Like many other professions, there’s a variety of words you can use to describe what my job title is. Author, writer, novelist…they’re almost all interchangeable. Sometimes. For me, there’s some slight differences between the three.
A writer is, simply put, someone who puts words to paper (virtual or physical). Anyone who keeps a journal, writes a blog, finishes a term paper for class, is a writer. They have little interest in being edited, and don’t think they need to learn anything more. As such, their work will never reach the level of some of the masters of literature.
An author is someone who has taken the next step and tried hard to move from merely putting words to paper to editing their stories. Perhaps you’ve got a set of poems languishing within the depths of a file drawer that have great meaning to you, that you spent hours reworking until they glistened. Regardless on if you ever published them, or even submitted them, you took time to do more than just slap some words down on a page and call it done.
A novelist is an author who crafted a fictional novel, worked it over with a fine tooth comb, had other rake it over the coals, improved it some more, submitted it, and had a publisher take a chance on them. They embrace learning, and strive to improve their craft. The biggest difference between an author and a novelist is subject matter.
I tend to tell people I’m either a novelist or author. I look at editing as a chance to improve, expand, learn. I’m rarely satisfied with the first draft. When I get a manuscript back and see that I’ve got the same word used three times in a single paragraph, I’m open to looking for new words. I get more nervous when there’s sections without any commentary!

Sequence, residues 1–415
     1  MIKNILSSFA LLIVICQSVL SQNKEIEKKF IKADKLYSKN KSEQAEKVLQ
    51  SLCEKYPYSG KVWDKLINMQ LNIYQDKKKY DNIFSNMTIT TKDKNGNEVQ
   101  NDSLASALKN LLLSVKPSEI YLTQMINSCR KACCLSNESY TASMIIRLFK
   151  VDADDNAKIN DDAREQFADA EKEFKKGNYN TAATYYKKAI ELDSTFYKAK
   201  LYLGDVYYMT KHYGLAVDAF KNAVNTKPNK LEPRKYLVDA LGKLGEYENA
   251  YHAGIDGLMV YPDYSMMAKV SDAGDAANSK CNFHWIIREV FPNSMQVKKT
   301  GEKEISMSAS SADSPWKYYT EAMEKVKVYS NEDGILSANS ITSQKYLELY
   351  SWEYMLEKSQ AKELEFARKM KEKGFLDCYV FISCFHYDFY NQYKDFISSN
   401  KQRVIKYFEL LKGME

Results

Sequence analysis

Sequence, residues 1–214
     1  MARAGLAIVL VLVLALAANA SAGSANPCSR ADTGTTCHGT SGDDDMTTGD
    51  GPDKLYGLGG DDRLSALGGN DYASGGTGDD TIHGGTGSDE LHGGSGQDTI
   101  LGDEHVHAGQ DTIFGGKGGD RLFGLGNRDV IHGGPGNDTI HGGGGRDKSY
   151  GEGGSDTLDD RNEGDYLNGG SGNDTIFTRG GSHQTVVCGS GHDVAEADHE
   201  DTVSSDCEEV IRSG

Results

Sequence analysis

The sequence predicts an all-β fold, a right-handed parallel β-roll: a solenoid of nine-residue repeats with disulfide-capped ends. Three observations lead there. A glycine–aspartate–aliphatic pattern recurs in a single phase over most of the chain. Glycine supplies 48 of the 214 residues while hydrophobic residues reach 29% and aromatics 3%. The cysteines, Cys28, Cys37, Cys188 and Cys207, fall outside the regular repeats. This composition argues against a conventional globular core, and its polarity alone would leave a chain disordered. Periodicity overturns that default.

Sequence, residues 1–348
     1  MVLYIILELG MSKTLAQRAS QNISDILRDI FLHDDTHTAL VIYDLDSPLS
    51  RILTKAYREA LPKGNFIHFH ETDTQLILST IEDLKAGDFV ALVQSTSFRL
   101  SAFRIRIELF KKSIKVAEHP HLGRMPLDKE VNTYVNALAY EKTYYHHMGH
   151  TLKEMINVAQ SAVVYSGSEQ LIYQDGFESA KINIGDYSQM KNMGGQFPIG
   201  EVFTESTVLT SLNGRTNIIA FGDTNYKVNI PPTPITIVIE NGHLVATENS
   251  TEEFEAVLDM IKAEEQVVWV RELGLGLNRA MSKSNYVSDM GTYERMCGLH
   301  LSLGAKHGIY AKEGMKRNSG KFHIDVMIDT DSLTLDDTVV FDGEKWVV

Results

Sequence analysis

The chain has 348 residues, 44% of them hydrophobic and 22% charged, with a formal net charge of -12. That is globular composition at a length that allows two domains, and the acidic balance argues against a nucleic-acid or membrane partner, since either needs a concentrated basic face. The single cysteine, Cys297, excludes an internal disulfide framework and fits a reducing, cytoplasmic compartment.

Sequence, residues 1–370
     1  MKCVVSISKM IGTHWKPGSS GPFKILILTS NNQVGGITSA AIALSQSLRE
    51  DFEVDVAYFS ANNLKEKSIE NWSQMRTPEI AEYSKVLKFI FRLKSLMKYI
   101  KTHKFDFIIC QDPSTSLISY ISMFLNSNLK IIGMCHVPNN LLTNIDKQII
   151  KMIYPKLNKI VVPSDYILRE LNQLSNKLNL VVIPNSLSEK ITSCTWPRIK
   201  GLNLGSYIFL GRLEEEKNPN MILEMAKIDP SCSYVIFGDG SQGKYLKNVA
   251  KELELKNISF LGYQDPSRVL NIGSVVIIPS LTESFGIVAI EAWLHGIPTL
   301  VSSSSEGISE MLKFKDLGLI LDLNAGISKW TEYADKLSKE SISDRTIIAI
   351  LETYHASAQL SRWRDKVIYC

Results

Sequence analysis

I’ve read a few novels that were so riddled with errors it made me want to throw my Kindle out the window, or they made my eyeballs hurt. I think we all have. These were poorly edited, for one. Another problem is you have a writer who thinks they’re an author. Word and/or subject repetition, poor spelling/sentence structure, little to no dialogue, plot holes big enough to drive a semi through…these are all things that will mark someone as a writer over an author or novelist.
If you want to be an author, get your manuscript looked at before you submit it! By someone who is willing to tell you, honestly, that there are problems with it. Who aren’t going to simply say ‘it’s terrific’ because they don’t want to hurt your feelings. In publishing, you need a seriously thick skin. People are going to send you rejection letters. And they’re not saying you’re bad…just your writing needs improvement.
So, which one are you? Writer, author, or novelist?
2 thoughts on “Which are you?”
I would say that I am a defiently a writer. I have scribled hundreds of pages over the years and I am now trying to turn that into short fiction, so that might make me an author. As to novelist? I have four NaNoWriMo novels that need severe editing which I never get around to doing. So I guess I am for all intents and purposes a writer.
Reblogged this on Joshua Lisec.